For all you trivia buffs, my Ennyman’s Territory blog currently, as of Thursday the 7th, has had 2,663,288 pageviews and yesterday, for some reason over 7000 people visited the site, which means something here went viral because I usually only have about a thousand except last winter when I was a celebrity for a season and averaged two to three thousand a day. Funny how that works.

All this is lead in to some Dave Barry quotes.

A number of years ago I sent Dave Barry a letter asking if he went to my high school in New Jersey, that there had been a Dave Barry in my class at one time. I may have told him the story about how Dave Barry and another guy and two girls were in a VW smoking a joint at the top of a cliff, but forgot to put the brakes on and the Bug rolled forward and fell over the edge. Fortunately it landed upside down in some trees and no one was killed.

Dave Barry the humorist actually replied. He sent me a post card, and yes, the comments were amusing. And no, he never went to high school with me.

The audio book I am currently “reading” is I’ll Mature When I’m Dead. I believe this is his first book after retiring or it may be his third, but the chapters a sometimes longer than his columns. Here are some excerpts.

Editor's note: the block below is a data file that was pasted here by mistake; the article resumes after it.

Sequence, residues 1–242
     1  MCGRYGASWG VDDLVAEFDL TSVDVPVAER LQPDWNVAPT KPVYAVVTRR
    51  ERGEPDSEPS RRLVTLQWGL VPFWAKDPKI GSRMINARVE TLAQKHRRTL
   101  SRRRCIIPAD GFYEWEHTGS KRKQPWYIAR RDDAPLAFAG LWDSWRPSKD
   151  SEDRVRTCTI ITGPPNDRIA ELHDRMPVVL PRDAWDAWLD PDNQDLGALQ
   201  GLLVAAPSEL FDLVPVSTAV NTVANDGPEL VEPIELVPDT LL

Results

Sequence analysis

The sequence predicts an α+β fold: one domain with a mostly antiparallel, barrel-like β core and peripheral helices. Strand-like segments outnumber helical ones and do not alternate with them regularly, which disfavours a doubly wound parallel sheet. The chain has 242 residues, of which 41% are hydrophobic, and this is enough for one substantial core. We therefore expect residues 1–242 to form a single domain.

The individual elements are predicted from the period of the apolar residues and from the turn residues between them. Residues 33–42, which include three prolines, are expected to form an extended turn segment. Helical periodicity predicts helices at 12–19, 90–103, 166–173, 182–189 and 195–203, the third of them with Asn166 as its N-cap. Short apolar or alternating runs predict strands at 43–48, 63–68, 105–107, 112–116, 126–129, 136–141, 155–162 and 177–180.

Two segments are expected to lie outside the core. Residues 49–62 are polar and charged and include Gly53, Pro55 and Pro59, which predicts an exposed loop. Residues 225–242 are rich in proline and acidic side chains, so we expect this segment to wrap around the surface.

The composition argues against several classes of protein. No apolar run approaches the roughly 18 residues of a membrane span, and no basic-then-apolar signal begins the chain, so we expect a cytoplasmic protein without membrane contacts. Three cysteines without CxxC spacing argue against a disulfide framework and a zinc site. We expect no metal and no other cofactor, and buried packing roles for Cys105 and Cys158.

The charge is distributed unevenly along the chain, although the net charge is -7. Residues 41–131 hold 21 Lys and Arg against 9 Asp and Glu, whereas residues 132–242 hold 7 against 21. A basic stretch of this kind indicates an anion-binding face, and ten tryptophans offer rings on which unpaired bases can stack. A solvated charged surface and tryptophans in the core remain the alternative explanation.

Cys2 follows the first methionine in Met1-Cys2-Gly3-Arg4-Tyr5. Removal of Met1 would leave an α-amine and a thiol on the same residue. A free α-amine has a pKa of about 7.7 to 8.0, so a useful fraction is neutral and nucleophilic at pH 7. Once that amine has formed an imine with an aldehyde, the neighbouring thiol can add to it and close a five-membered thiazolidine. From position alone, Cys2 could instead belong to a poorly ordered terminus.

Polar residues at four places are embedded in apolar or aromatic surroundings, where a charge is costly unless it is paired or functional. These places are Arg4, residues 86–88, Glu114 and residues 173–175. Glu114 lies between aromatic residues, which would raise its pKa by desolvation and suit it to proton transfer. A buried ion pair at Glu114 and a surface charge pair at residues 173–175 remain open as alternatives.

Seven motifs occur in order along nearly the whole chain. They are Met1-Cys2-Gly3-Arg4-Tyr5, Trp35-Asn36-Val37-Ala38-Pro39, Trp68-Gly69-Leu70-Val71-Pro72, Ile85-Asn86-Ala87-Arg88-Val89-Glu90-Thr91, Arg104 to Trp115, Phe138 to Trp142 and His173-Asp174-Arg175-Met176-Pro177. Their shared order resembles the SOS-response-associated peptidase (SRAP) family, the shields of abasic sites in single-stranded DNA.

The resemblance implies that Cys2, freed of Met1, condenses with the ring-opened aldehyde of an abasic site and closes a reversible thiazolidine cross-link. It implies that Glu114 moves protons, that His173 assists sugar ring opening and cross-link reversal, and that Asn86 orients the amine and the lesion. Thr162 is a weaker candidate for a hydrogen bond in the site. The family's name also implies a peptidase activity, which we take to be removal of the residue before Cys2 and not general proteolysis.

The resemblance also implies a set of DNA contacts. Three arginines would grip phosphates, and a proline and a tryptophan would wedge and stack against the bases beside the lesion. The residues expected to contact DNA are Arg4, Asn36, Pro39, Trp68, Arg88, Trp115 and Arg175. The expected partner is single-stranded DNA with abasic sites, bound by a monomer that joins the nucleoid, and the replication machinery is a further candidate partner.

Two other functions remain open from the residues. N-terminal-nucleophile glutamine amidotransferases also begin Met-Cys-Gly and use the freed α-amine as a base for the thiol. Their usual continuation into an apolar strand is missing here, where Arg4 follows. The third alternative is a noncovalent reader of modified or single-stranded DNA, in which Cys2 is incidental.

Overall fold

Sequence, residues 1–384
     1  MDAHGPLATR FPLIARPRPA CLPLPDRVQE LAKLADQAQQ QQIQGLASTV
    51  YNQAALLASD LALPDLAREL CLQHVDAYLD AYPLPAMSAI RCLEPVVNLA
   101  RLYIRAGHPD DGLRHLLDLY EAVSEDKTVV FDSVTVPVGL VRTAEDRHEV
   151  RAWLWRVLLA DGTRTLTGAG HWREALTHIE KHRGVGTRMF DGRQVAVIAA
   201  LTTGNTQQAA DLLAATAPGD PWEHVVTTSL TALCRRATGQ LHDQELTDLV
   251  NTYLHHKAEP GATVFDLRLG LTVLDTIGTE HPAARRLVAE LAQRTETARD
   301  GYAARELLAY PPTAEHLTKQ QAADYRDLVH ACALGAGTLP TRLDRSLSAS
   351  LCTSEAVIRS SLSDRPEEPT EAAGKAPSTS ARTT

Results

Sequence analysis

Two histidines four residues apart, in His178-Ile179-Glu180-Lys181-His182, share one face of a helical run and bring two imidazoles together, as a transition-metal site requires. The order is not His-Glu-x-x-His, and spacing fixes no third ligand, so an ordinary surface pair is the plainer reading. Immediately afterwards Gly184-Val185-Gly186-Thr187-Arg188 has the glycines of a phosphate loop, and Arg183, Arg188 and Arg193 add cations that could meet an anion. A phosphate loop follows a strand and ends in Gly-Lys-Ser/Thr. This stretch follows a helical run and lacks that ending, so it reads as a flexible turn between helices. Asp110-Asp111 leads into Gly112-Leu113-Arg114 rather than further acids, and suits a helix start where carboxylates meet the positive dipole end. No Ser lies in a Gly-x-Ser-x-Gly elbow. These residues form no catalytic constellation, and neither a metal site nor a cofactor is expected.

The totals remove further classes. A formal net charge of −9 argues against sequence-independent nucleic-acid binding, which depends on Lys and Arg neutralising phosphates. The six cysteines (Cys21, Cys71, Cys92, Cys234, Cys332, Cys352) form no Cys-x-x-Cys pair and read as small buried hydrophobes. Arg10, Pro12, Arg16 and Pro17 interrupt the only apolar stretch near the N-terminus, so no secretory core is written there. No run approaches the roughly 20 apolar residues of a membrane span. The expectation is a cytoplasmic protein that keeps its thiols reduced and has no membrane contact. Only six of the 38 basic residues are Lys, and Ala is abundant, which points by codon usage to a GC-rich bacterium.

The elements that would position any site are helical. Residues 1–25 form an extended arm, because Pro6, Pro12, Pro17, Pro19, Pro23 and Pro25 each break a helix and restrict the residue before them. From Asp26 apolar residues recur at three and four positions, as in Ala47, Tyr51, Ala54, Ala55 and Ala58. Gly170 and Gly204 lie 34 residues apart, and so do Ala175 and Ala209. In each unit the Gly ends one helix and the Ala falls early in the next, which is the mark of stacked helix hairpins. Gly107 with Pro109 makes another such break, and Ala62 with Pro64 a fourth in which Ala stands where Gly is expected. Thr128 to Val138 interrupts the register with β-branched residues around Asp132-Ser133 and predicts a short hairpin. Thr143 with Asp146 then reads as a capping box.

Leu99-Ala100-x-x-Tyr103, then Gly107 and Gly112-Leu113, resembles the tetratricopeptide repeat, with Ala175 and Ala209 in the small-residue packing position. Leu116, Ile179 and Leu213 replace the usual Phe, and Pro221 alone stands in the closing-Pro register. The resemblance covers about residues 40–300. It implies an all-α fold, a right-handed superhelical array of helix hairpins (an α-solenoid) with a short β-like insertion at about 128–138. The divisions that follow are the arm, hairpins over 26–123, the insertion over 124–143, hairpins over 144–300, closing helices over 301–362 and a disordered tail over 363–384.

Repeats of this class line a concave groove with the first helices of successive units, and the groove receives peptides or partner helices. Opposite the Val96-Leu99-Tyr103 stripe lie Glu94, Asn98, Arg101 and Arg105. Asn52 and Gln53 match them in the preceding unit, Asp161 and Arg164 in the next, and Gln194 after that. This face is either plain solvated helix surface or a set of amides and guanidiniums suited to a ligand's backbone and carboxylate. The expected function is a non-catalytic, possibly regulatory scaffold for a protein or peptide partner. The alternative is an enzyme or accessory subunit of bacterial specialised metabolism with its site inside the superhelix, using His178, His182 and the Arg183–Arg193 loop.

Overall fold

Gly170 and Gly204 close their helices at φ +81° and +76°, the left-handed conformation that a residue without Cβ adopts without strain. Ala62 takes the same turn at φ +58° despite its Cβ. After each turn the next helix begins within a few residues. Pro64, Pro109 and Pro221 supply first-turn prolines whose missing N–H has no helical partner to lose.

If Man A asks Man B for directions, Man B, realizing that Man A is a weak, direction-asking type of male who probably also reads owner’s manuals, could decide to attack Man A’s village and plunder his women. Man A is not about to run that type of risk. — p. 27

There were automobiles, but they lacked many of the features that automobiles have today, such as a working motor. In the Barry household, we had a series of cars named (these were all real Barry cars) the “Rambler,” the “Minx,” the “Metropolitan,” and the “Valiant.” You could rely on these cars- rain or shine, hot or cold- to not start. The “Metropolitan,” in particular, was no more capable of internal combustion than of producing a litter of puppies. — p. 54